Bad news for Utah Democrats. Congressional seats rarely flip parties in special elections.
The Pew Research Center looked at the 130 House special elections since 1987. During that time, only 21 (16%) changed party control.
When House seats do flip in a special election, there’s often some unusual factor at play, such as a scandal or a split in the dominant party. That was emphatically the case in 2012 in Michigan’s 11th District, when incumbent Republican Rep. Thad McCotter was denied a spot on the primary ballot because nearly all the signatures on his nominating petitions were fake. McCotter resigned in the ensuing scandal, and there were two elections that November: a regular one for the incoming 113th Congress, and a special election for what was left of McCotter’s term in the 112th Congress. A Democrat won the special election, but a different Democrat lost the general, meaning the seat flipped from Republican to Democratic and back again in the space of two months.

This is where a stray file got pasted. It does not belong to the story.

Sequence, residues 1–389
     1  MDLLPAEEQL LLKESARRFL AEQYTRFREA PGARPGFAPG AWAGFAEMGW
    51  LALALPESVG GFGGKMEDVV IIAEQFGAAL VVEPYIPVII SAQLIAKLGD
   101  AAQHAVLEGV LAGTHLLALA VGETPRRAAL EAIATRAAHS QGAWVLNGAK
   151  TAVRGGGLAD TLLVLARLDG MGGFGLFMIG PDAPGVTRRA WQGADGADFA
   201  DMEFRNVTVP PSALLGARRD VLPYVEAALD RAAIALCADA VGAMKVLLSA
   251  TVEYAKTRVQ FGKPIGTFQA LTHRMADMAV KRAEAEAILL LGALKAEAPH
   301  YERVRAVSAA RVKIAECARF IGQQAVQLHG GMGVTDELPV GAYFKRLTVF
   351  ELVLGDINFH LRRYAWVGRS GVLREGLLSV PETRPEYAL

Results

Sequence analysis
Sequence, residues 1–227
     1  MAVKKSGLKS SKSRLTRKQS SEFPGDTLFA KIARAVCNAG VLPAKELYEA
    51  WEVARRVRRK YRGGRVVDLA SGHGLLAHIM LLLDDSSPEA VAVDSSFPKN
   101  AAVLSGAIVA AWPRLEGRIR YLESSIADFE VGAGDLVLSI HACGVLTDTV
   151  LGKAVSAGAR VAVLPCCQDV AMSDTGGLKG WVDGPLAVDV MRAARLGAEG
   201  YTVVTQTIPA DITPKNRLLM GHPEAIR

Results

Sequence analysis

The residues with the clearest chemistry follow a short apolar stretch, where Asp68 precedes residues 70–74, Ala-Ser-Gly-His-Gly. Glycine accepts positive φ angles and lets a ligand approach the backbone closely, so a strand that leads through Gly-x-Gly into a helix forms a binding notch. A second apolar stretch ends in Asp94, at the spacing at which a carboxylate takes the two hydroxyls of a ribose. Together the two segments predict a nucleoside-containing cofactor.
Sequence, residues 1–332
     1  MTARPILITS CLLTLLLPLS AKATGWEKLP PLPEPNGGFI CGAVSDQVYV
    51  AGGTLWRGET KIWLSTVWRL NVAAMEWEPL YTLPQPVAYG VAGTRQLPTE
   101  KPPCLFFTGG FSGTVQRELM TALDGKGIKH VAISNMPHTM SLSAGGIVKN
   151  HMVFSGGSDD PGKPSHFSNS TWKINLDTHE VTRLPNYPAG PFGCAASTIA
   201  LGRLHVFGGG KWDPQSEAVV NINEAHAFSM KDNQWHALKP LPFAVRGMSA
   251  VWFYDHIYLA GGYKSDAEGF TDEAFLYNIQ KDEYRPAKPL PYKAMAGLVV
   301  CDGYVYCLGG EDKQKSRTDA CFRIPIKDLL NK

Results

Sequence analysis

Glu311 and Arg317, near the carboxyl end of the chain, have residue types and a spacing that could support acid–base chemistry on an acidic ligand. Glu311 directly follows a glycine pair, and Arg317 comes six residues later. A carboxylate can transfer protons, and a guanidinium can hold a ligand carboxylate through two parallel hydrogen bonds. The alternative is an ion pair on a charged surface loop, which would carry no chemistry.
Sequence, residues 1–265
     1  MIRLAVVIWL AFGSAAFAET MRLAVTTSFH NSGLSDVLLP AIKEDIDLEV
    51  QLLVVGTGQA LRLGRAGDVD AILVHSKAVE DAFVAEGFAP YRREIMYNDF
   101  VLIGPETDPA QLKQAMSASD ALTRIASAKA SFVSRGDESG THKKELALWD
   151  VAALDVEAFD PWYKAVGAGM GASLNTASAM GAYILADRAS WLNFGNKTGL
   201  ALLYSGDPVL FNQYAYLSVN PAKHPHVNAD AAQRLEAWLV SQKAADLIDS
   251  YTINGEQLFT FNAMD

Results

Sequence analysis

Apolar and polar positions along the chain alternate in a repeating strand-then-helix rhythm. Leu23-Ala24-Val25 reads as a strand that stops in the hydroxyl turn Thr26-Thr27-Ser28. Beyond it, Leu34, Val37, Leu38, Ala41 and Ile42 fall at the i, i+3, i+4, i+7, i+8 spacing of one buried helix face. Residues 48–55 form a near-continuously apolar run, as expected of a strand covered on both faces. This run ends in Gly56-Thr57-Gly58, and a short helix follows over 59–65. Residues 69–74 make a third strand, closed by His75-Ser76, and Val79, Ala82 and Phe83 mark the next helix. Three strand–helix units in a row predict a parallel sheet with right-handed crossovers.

Special elections haven’t attracted a great deal of scholarly attention, but what research there is generally finds them to be driven more by local than national political forces. The authors of a 1999 study of special elections, for instance, concluded that by and large, “special elections are as vulnerable to the constituency characteristics and candidate-specific attributes that structure other open-seat outcomes.” Even special elections that result in House seats flipping parties, they wrote, “can be viewed as the product of normal electoral circumstances and not referenda on the [presidential] administration.”
A recent UtahPolicy.com survey found Democrat Kathie Allen is trailing all three Republicans in the race to fill Rep. Jason Chaffetz’s seat, but only Provo Mayor John Curtis has a majority of support in our survey.